Jahangir Razmi
Hasan Sarbakhshian  /  AP file
Iranian photographer, Jahangir Razmi, with his Pulitzer-winning picture of a 1979 Iranian execution on his computer screen, in his studio in Tehran, Iran, Tuesday, Dec. 5, 2006. The Pulitzer Prize board will consider changing its records to recognize a photographer who is now credited with taking a Pulitzer-winning picture of a 1979 Iranian execution, the administrator said Monday. Sig Gissler said the board had the matter under review, following a Wall Street Journal story on Saturday that identified the photographer as Jahangir Razmi. (AP Photo/Hasan Sarbakhshian)
updated 12/7/2006 7:38:36 PM ET 2006-12-08T00:38:36

After more than 25 years of anonymity, the Iranian photographer whose iconic, chilling picture of an execution won the Pulitzer Prize will formally be recognized as the winner of the prestigious journalism award.

Jahangir Razmi, whose identity was initially kept secret for his safety but revealed last weekend by The Wall Street Journal, will be given $10,000 and invited to New York for an award ceremony, the Pulitzer Prize Board announced Thursday.

"We understand that Mr. Razmi, who is the best judge of his circumstances, is eager to receive the award," said Sig Gissler, administrator of the Pulitzers.

The photo depicted a line of 11 blindfolded men executed by a firing squad in 1979, after Islamic radicals overthrew the shah of Iran. It was published by the Iranian newspaper Ettela'at, but Razmi's editor chose not to credit the photo out of concern for the photographer's safety.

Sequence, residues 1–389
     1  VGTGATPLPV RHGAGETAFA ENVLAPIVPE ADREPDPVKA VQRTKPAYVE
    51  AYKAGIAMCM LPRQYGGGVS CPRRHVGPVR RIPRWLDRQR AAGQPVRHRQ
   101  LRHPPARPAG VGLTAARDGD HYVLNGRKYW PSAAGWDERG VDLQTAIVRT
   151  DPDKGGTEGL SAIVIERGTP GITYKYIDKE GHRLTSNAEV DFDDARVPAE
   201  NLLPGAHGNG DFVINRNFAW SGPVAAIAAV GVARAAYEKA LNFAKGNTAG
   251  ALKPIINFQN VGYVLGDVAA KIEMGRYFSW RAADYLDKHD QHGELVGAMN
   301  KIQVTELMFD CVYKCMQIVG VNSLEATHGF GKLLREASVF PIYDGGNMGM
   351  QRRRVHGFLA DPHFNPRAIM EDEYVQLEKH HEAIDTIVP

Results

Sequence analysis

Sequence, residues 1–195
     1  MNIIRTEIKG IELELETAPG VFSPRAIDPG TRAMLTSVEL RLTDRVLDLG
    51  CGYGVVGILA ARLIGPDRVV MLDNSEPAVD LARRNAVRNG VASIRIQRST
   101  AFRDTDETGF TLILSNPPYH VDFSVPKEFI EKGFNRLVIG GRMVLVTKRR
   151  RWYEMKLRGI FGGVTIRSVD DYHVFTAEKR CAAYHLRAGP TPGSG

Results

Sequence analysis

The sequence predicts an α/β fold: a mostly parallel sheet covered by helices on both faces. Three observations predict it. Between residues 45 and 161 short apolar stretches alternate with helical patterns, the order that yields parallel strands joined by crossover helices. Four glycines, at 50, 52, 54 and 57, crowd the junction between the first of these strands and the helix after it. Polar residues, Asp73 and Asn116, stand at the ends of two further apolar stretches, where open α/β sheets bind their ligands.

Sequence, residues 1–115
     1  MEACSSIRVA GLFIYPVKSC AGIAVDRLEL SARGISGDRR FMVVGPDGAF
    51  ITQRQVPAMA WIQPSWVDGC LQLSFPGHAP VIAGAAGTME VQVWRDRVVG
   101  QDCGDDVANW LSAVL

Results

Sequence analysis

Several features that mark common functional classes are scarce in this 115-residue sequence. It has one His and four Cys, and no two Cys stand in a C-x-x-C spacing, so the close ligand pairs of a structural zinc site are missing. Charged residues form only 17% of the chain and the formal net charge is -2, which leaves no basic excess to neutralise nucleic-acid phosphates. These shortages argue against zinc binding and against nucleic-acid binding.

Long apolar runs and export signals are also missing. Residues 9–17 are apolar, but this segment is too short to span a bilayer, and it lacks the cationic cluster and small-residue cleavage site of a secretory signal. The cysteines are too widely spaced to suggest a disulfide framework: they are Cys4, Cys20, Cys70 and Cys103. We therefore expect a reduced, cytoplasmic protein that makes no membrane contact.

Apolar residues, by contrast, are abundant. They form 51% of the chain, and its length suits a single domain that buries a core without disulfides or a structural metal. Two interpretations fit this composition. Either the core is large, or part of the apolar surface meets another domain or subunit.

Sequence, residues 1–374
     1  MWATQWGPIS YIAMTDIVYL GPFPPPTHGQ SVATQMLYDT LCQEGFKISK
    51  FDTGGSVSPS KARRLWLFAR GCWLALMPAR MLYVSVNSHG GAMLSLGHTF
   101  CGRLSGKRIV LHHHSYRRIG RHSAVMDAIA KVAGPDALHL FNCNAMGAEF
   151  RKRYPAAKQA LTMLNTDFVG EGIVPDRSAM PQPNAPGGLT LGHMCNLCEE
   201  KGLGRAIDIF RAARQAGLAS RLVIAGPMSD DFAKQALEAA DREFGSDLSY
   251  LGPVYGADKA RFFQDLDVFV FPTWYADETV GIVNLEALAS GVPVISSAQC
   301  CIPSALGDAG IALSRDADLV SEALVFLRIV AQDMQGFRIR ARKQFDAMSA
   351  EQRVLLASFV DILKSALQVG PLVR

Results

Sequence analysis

The picture was later distributed by United Press International. It won the 1980 Pulitzer Prize for Spot News Photography — the only time in Pulitzer history that the board gave an anonymous award. His photo has long been used by critics of Iran's Islamic government as a symbol of the regime's brutality.

With Razmi's cooperation, the Journal on Dec. 2 published a lengthy article revealing his identity. It also published other pictures of the execution that he had taken.

"We found the story to be impressive, the evidence in it seemed clear and convincing, and then, as a matter of due diligence, we double-checked certain sources and examined other evidence in the case," Gissler said.

The board will adjust its records and will invite Razmi to get his award on May 21, the day the 2007 Pulitzer winners will be honored at Columbia University.

A message seeking comment from Razmi through an intermediary in Iran was not immediately returned Thursday.

Razmi, 58, who lives in Iran, told the Journal that he had long been disappointed at not being credited for the picture, but remained quiet for years out of fear of becoming a target.

More recently, partly because so much time had passed and partly because he was annoyed that others had tried to take credit for the picture, he decided to tell his story.

"There's no more reason to hide," he told the Journal.

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